Sophie Hou: Managing Data & Fostering Support, Engagement & Training

Sophie Hou , Data Curation & Stewardship Coordinator, NCAR CISL

Sophie Hou Data Management Presentation
What influenced you to pursue a career in science?

My interest in data conservation was one of the biggest motivations for me to pursue a career in science. The intricacy of how things depend on and affect each other has always intrigued me, and I am always interested in finding more ways in which I could be more thoughtful and responsible when I interact with the world. Knowing we are always discovering and learning something new in science has kept me very engaged and humbled at the same time.

Who are you at work and what does a typical workday look like?

I am the Data Curation & Stewardship Coordinator, which is a new position at NCAR. Even though the position is new, my responsibilities have been developed closely in relation to NCAR’s Data Stewardship Engineering Team (DSET). A major part of my work is to develop the Digital Asset Services Hub (DASH), which provides dedicated support, engagement, and training for questions and issues that users might encounter when working with digital assets. This includes data sets, software, and models. In particular, meeting data management plan needs and fulfilling the related requirements can be challenging, so it is also very important that I constantly meet with different members of our research community. This way, I can help provide data management plan services both in person and remotely. Through our collaboration, I can learn from their experiences, and use their feedback to refine and enhance additional services that I could provide via DASH.

During a typical workday, I spend my time primarily creating and reviewing documents relating to data management practices, and meeting with different members of our research community about their digital asset management needs. On specific days, I also participate and engage in activities from professional groups and organizations that focus on data curation/stewardship, so that I can help in sharing NCAR’s experiences and bringing back helpful lessons learned from others.

Who are you outside of work?

Outside of work, I try to make time for good reads (not restricted to books), walks (I found that urban, historical ones could be fun too!), and cups of tea (always up for trying a new blend). I also appreciate cultural events, puzzles, and stop-motion clay animations. These activities are extra special and enjoyable to me when I am able to share them with friends and family.

What has been your favorite work-related experience?

I love meeting people and learning about what they are working on! Everyone is dealing with so many different types of data these days, from administrative reports, budget allocations, to observation data, model simulations, and instrument designs. People feel very strongly about their data both on a professional and personal level. I enjoy learning about people's “data stories” and helping them find ways to take care of their data for the long term so that they can share their data stories with others.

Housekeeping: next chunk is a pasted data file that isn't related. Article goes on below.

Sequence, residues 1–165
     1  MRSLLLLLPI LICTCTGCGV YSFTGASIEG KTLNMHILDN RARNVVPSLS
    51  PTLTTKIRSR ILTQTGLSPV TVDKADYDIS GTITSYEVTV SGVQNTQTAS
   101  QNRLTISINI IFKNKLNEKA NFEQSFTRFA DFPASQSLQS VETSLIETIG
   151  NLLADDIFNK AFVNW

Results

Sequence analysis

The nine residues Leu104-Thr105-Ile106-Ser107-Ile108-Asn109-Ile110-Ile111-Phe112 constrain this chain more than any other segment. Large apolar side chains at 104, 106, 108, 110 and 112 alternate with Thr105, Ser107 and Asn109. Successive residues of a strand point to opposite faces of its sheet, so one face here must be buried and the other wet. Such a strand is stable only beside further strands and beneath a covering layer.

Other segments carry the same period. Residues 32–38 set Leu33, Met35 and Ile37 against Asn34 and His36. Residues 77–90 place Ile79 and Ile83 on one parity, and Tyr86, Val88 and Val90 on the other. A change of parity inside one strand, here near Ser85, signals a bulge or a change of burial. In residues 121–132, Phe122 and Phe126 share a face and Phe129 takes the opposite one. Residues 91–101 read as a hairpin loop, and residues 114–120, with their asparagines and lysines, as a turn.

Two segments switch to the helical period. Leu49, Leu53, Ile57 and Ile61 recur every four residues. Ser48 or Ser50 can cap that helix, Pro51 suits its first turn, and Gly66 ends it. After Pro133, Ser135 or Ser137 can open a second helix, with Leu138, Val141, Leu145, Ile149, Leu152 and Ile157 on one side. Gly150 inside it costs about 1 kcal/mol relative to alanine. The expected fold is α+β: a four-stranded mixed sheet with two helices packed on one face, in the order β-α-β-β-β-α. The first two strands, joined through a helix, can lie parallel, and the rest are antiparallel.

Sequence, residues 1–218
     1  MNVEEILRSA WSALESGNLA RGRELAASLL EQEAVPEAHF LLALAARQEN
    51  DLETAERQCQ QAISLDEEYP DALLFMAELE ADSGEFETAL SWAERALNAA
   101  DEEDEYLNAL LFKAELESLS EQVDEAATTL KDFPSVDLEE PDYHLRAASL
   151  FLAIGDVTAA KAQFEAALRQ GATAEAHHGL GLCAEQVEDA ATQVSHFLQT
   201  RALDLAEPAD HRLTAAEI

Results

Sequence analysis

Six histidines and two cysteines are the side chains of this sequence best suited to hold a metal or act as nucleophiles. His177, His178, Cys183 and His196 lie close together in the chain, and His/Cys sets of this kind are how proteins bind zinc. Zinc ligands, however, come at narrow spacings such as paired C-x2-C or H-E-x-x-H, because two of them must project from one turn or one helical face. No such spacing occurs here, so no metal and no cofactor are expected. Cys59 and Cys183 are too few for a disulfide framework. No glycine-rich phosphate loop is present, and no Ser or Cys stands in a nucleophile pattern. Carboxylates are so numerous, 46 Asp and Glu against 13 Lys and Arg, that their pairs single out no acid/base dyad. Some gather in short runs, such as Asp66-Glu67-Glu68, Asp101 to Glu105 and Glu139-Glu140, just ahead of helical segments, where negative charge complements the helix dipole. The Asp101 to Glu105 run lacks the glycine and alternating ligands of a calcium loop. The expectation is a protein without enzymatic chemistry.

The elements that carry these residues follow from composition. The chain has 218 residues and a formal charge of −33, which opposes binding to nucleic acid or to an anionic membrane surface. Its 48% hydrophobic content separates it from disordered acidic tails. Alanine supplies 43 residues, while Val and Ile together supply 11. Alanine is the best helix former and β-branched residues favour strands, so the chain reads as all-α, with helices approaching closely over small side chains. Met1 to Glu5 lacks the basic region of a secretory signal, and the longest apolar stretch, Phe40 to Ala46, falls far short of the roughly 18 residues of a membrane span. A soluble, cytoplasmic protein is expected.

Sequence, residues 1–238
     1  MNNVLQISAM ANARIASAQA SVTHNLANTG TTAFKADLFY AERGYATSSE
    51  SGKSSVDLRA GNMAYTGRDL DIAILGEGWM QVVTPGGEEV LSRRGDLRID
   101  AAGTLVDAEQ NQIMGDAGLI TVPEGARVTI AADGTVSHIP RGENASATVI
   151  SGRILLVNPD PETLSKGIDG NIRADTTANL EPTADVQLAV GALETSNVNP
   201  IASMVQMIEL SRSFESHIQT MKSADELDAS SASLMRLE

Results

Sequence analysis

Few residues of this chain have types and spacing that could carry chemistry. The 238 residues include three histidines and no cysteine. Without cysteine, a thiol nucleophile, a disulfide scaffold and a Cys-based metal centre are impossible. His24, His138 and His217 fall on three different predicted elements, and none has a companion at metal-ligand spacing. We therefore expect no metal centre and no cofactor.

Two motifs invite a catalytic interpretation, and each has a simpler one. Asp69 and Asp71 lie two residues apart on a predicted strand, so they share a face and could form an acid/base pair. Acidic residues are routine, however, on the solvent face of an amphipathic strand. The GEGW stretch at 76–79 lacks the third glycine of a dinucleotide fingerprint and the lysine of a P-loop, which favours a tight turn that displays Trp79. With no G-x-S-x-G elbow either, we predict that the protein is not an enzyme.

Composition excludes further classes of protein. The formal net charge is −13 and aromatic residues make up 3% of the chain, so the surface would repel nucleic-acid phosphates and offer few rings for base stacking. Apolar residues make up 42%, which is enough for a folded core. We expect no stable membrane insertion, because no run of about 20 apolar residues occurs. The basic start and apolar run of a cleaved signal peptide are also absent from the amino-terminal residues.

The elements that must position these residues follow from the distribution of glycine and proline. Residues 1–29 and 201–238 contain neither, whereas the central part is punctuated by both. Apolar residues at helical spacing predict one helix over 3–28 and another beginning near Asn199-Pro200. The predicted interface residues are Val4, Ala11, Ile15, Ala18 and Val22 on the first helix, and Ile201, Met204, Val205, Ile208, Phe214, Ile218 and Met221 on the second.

The Power of One: If you could thank only one person for academic or career support, who would it be?

It is a really difficult question, and to be honest, I don’t think I can pick only one because the work of providing long-term curation and stewardship to research and the related outputs is intrinsically collaborative. I don’t believe I could do what I do without the support of my community, including everyone I work with at NCAR. While I definitely have been learning and getting feedback from many amazing mentors, I am also meeting new people all the time who are willing to share their knowledge with me to help me improve my academic understanding and professional practices. This is in addition to my friends and family, especially my parents and husband, who have been with me every step of the way, so I really don’t think I can thank just one person.

One-minute mentor

What advice would you offer to someone interested in a career like your own?

The field of data curation and stewardship can be very interdisciplinary, so a person who is interested in the data curation and stewardship career does not necessarily need to come from a specific discipline or area of study. However, it is vital that the person has a passion for learning and sharing, so that while s/he develops and evolves her/his own skills and experience, s/he is also willing to give back and contribute to the growth of the discipline as well as help others get involved, such as being mentors to students and volunteers within professional organizations.

Sophie Hou , Data Curation & Stewardship Coordinator, NCAR CISL